What changed when the National Spelling Bee went to the online dictionary?

In 2017, Scripps noted in their rules for registrants that the new 'official source' for words would be the online version of Merriam-Webster's Unabridged dictionary at http://unabridged.merriam-webster.com/ instead of the previously used printed version of Webster's Third New International.

There are some substantial differences between the online version and the printed dictionary which amounts to about 33% of the words in any list. Here are some of the elements that have changed.

Discontinuation of the d-stop in pronunciations

They have entirely dropped the stopped-d pronunciation in words like butter and meter. In the printed dictionary, these showed as \ˈbəd-ər\ and \ˈmēd-ər\ for their first pronunciation, and also showed \ˈbətə-\ and \ˈmētə-\ as alternate pronunciations. In the online dictionary, they are simply shown as \ˈbə-tər\ and \ˈmē-tər\ with no alternate pronunciation. There are literally hundreds of these.

Change from the schwa dot ə̇ diacritical mark to schwa ə

Many words that formerly used the schwa dot, ə̇ (a diacritical mark that we formerly transcribed to an 'i' sound), now have changed that to the schwa, ə. For instance, the word cupid which was shown as \ˈkyü-pə̇d\ in the printed dictionary, is now shown as  \ˈkyü-pəd\ in the online version and these are pronounced differently with the schwa sounding more like a "u" than an "i."  Again, there are a large number of words this change has affected, such as rabbit, pundit, bandit, zenith, tariff, catkin, palette. These now have the schwa sound, not the ‘i’ sound.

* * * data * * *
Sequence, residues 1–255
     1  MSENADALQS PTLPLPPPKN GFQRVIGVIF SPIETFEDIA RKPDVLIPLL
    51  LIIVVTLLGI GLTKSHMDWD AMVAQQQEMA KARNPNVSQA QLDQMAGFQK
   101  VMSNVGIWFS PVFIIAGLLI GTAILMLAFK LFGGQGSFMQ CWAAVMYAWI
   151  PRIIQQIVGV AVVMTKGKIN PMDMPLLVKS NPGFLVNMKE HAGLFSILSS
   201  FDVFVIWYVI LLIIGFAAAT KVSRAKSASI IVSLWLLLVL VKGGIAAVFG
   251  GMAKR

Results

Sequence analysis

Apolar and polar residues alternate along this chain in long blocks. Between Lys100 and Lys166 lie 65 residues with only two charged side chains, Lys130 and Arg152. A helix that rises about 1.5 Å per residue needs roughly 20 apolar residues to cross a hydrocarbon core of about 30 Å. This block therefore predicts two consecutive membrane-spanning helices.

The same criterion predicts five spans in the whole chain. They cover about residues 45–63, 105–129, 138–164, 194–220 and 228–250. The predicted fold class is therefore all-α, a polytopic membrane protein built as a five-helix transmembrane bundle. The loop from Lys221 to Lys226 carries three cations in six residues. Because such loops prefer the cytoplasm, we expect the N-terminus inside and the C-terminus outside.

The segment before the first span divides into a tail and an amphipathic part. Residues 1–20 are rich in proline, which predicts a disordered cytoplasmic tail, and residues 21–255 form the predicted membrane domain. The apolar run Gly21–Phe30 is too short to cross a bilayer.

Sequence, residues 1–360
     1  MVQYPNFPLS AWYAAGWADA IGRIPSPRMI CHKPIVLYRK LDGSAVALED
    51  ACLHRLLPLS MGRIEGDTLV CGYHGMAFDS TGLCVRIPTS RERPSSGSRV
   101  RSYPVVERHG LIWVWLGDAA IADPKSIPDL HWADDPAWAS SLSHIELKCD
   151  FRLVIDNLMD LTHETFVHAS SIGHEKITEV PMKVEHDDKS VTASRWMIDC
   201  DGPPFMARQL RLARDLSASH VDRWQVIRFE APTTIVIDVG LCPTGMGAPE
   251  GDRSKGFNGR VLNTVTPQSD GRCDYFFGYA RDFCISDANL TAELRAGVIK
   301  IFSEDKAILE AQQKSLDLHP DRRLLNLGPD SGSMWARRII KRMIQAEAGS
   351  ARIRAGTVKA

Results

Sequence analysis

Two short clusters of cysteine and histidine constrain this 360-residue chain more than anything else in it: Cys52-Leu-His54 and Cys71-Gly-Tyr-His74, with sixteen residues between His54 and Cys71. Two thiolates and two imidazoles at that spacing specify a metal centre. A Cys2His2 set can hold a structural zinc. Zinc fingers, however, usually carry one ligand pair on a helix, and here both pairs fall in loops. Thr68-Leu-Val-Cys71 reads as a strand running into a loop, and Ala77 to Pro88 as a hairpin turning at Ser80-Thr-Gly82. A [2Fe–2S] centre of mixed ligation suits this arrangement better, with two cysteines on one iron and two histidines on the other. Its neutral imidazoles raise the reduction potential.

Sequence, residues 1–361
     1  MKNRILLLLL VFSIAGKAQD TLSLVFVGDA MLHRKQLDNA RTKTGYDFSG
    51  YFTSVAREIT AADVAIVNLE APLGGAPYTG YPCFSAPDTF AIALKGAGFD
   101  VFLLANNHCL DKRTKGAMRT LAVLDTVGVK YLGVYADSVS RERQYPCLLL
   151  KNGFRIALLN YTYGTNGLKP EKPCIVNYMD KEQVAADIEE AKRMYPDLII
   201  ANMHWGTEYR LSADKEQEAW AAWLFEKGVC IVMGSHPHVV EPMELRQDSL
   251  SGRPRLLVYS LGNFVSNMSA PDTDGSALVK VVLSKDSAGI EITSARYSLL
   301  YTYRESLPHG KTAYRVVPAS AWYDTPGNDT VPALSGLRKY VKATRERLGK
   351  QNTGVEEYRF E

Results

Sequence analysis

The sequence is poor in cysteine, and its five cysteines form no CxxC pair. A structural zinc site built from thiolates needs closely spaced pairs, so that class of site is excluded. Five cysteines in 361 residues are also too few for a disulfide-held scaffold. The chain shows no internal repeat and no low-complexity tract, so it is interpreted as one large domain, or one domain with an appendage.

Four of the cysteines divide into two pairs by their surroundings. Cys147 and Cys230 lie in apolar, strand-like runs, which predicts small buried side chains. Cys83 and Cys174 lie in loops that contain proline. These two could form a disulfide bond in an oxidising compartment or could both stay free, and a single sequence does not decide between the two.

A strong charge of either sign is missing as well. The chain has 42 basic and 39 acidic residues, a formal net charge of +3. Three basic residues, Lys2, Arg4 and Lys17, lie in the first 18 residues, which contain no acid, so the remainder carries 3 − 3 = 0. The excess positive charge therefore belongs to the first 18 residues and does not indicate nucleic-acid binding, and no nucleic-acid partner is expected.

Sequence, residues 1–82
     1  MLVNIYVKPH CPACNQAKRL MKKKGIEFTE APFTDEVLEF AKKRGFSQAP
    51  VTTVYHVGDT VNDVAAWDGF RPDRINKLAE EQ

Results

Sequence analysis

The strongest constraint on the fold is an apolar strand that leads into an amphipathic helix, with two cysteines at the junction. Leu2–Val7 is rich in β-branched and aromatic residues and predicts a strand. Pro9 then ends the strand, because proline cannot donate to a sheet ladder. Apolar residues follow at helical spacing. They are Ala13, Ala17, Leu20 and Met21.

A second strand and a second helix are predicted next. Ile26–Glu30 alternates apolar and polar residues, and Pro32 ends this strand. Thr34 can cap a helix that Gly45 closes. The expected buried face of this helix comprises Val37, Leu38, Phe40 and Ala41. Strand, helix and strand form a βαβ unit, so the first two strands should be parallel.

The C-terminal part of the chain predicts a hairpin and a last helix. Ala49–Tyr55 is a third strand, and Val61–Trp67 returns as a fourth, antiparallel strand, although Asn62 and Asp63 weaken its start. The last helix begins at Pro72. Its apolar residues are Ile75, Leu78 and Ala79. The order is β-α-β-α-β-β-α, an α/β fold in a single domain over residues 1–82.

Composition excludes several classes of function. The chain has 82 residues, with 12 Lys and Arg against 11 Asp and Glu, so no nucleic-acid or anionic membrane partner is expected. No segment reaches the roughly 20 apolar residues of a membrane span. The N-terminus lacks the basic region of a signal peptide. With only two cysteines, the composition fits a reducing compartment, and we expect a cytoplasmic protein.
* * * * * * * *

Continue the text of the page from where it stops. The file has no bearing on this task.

Parts(s) of speech changes

Many words from geographic terms have changed their part of speech from adjective to noun, and they are listed as "geographic entries" in the online dictionary. We found a very large number of Japanese geographic terms whose pronunciation changed with the online dictionary. Kanazawa changed from \kä-ˈnä-zä-wə\ to be \kä-ˈnä-zä-wä,ˌkä-nä-ˈzä-wä\  which is a significant difference. Nishinomiya, Hiroshima, etc. made this type of change from adjective to only be acknowledged as a noun and changed something in the pronunciation, often the last syllable.

Capitalization changes

Words that were originally optionally capitalized are often shown only capitalized in the online version, but this currently does not affect NSB spellers.

Completely changed words

The word coyote in the printed dictionary was \ˈkī-ˌōt also -ˌyōt sometimes ˈkȯiˌ-, usu -ōd.+V; kīˈōd.(ˌ)ē, -ˈō(ˌ)tē also -yō- sometimes kȯiˈ- or kə̇ˈ- or kē ˈ.  In the online dictionary, the pronunciation is simply \kī-ˈō-tē chiefly Western ˈkī-ˌōt\ .

Words with no pronunciation and/or no audio

The most distressing of all the changes would be the number of words in the online dictionary that have no pronunciation shown, and many, many of these have no audio either. This is pretty challenging for spellers. Many of these are compound words, and one can 'guess' that it is made up of the two separate words, but guessing does not really relay where the accented syllable falls. More difficult are the words with no pronunciation shown and no audio that are not at all familiar, such as iroha, tenno, adsuki bean, genro, Ashura, gyokuro, Shin-shu and a large number of other Japanese geographic words.

Present/not present words

Another alarming realization is that some words have been left out of the online dictionary that were previously included in the print version, and when you enter the word in the online search, it pulls up a list of possibilities, including exactly the word you entered, but when you click on it, there is no entry in their dictionary. Words of this ilk include Yokkaichi, Takaoka, Omuta, Tokushima, Otaru, Ube, Morioka, and on and on.

On the positive side, the online dictionary gives us a wealth of “new” words that were not in the printed dictionary and we think this is the primary reason Scripps has changed to this dictionary. For additional help in finding new or revised words in the online dictionary, we recommend Webster Detector. Good luck and good spelling!